Websites, newspapers and broadcasters had a lot of fun last October 21 – the date by which, according to Back to the Future Part II, the world might have flying cars, self-lacing shoes and Jaws 19.
Of slightly more esoteric interest was January 8 this year, which was the birth (or “incept”) date of Roy Batty, the rebel replicant, or robot, from Blade Runner.
Batty, you’ll remember, was, by 2019, a desperate and angry replicant, determined to find the creator who seemed so indifferent to his existence and his cruelly limited life span. (Welcome to that club, robot.)
Science fiction movies set in the relatively near future tend to court some valuable interest at the time of their release, at the expense of inviting derision when that future date arrives.
Blade Runner imagined an Earth where the atmosphere had been ruined and the affluent had mostly left the planet. It also, to the delight of many observers, speculated that the brand names of Atari and Pan-Am would be highly visible in the 21st century. 2001: A Space Odyssey similarly foregrounded the Pan-Am name, but it also took a pretty serious stab at anticipating what technology might look like when the new millennium arrived.
Many commentators like to check off the things that SF movies and television got “right” and “wrong” about the near future, but I think that does the genre an injustice.
I’m focusing on films here, because similar discussion of SF literature hardly ever reaches mainstream forums. The only novel I can remember being widely talked about in the same way is Nineteen Eighty-Four, which prompted endless discussion in late 1983 about whether Orwell’s visions had “come true”.
Inevitably, almost everything “predicted” in movies set in the near future doesn’t happen.
Things To Come in 1936 is a rare example of a film that came pretty close on some points, depicting a Second World War starting at Christmas 1940. That was probably not a very wild guess in 1936, although the film also predicted the war lasting until the 1970s, when an organisation called Wings Over the World would come out of Iraq to rescue the remains of civilisation.
But 1972 came and went without the US attempting the first interstellar flight as in Planet of the Apes. NASA did not launch “the last of America’s deep space probes” in May 1987, as per TV’s Buck Rogers in the 25th Century, and a nuclear war did not start that November 22, as that series imagined, or on any of the other dates referred to in SF.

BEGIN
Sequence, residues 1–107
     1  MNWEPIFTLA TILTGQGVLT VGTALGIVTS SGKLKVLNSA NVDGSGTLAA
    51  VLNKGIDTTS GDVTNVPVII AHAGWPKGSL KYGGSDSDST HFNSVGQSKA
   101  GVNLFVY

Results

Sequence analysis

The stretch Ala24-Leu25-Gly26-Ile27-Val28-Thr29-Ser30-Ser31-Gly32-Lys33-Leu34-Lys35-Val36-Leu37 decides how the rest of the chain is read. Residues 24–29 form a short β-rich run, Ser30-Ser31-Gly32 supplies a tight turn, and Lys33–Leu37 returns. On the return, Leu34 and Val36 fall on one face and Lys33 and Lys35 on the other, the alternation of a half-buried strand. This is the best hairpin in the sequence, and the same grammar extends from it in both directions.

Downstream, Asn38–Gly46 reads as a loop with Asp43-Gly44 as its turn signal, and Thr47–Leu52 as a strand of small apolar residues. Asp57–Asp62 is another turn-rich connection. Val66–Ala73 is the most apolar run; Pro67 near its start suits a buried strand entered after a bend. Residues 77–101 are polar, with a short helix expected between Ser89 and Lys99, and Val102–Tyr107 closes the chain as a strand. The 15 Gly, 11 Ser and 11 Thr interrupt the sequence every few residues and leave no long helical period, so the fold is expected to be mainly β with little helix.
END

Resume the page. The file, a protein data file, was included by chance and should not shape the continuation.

Manhattan was not turned into a high security prison in time for Air Force One to crash land there in 1997 as in Escape From New York. And there was no explosion of nuclear waste to send our moon hurtling through space with a human colony on it in 1999, as seen on television in Space: 1999.
A couple of the works mentioned above are pretty weak, but not because of their inability to read the future. It’s amusing, and sometimes enlightening, to compare the world envisaged in such stories with the real world as it turned out, but we shouldn’t make too much of it.
In some cases, the authors of such stories chose a date in the near future as an easy way of engaging our interest, on the basis that “this could all happen very soon”. In other instances, such as 2001 and Blade Runner, the authors were seriously imagining the kind of world that might result if certain trends continued. It’s speculative fiction, not predictive fiction, and it tells us something about the eras in which these works were conceived.
Prediction of anything important is almost impossible. After all, hardly anyone predicted the near-collapse of the world’s financial system in 2008, despite quite a few people being well paid to watch for signs of exactly that.
George Lucas opted out of all this “Could it really happen?” discussion by setting Star Wars “a long time ago”. Others have escaped it by setting their stories in the far-flung future, when none of us will be around to quibble the accuracy of their visions, unless we are catapulted centuries into the future like Charlton Heston’s Taylor or Captain William ‘Buck’ Rogers.
But those who are brave enough to set their stories in the near future should see them discussed in more interesting terms than just “Did it come true?” In the end, the key thing these creators may really have failed to predict was that we would still be interested in their work decades later.